Gone are the days when you had to go in person from door to door looking for new customers and give them your resume. If you can buy online from all over the world, you can also work online for your customers – no matter where they operate from -, don’t you think so?

Of course, searching for international customers only makes sense if they’re going to pay you higher wages than customers in your country – or if it would translate in less competition for you. So use globalization to your advantage. You don’t have to search for customers only in your country!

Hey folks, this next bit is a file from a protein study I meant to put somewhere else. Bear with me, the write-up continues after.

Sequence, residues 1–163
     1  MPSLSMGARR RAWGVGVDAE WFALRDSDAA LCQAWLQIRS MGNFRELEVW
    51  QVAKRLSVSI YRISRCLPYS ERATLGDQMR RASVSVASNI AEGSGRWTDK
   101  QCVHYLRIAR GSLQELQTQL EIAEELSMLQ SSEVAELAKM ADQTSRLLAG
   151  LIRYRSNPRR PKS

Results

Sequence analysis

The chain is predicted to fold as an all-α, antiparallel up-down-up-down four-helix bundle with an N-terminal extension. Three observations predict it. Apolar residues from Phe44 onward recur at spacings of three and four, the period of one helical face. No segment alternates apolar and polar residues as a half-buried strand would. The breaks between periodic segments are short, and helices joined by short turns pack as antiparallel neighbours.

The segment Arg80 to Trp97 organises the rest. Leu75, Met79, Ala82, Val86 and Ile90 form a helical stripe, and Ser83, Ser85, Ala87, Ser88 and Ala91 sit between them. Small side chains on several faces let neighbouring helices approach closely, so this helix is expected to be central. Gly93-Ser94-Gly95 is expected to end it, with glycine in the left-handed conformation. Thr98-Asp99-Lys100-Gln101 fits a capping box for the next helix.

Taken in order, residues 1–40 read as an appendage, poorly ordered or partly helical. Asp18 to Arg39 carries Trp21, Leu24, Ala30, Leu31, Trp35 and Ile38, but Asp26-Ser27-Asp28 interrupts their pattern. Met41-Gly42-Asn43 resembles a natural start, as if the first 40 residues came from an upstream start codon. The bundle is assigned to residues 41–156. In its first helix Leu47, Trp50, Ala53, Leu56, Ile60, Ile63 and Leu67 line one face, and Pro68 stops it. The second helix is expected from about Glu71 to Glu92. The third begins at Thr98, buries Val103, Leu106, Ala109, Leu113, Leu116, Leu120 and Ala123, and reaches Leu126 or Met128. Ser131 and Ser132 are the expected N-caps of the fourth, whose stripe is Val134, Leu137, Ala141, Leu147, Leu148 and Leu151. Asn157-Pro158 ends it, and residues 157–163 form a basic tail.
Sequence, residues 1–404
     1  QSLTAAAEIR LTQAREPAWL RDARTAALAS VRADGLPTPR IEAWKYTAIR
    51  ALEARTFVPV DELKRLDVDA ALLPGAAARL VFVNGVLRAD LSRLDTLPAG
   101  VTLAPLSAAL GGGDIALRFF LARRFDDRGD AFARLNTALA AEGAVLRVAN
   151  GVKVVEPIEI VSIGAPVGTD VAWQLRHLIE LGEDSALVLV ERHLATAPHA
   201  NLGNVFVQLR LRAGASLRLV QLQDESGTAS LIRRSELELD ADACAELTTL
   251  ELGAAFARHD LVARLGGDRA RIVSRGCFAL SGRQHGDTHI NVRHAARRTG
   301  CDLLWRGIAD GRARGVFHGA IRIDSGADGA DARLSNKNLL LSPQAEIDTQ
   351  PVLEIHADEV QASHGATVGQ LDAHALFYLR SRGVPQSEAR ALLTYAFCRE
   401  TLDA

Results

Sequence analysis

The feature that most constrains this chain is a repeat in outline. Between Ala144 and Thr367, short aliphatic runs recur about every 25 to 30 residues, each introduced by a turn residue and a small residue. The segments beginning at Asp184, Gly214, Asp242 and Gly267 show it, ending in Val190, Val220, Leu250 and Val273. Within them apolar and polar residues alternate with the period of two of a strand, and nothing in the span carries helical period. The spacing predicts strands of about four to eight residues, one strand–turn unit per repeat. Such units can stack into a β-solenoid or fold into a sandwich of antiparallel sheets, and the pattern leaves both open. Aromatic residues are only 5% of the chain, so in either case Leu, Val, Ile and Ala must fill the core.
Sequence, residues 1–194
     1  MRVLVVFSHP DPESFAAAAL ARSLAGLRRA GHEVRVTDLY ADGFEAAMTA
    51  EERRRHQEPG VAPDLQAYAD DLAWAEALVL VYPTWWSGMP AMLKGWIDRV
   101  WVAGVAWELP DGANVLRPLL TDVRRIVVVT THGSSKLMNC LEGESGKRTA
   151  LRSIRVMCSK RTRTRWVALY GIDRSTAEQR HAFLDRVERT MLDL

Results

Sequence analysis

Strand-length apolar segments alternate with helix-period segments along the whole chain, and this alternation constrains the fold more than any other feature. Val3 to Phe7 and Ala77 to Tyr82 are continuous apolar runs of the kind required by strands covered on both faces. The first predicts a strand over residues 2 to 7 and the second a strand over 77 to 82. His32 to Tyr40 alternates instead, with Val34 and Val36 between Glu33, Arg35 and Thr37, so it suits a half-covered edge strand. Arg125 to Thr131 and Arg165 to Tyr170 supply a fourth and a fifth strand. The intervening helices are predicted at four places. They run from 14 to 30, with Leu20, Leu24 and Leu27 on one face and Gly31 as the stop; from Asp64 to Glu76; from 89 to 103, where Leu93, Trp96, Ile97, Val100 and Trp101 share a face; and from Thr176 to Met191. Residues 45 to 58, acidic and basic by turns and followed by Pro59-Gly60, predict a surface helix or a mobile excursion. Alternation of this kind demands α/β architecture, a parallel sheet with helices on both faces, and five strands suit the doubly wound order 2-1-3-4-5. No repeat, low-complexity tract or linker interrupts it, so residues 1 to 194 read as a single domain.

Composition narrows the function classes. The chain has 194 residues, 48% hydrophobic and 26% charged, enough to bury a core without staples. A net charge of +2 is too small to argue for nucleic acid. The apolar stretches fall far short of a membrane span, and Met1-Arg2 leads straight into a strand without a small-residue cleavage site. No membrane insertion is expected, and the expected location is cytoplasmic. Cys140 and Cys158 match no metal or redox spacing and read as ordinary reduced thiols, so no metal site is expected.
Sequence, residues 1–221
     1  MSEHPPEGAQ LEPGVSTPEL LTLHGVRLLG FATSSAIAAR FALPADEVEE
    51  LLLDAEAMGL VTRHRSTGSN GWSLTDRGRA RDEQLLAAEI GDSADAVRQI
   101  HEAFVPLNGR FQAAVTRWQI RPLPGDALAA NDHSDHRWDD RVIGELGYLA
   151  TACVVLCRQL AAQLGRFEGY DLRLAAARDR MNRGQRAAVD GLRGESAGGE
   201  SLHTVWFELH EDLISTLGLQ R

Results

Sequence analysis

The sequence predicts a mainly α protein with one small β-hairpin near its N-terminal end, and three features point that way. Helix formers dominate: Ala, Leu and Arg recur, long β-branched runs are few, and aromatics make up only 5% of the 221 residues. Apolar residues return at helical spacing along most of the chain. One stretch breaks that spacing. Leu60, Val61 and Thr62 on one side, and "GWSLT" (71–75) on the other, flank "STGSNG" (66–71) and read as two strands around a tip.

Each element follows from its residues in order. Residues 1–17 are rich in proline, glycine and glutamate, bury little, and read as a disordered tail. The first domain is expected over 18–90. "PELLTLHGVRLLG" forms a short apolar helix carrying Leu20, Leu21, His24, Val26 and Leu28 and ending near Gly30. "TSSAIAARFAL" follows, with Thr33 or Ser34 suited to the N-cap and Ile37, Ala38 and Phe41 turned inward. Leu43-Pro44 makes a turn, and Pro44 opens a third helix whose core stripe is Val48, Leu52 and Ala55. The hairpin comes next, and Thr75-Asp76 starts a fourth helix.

How to get international customers

However, trying to get new customers from another culture – and maybe another language – needs a bit of research and prework on your side before diving in. What seems logical for you might be considered unprofessional, or even disrespectful in other cultures, so let’s make sure that we aren’t hurting anyone’s feelings – especially if you’re dealing with potential customers!

What you need to research to get international customers:

  • Learn how to write an application in the target country. How do they usually do it? Do they usually send a formless email, saying something like “check out my attached resume”? Or do applicants rather send an application letter, explaining why they’re the best candidate for the company they’re trying to win as a customer?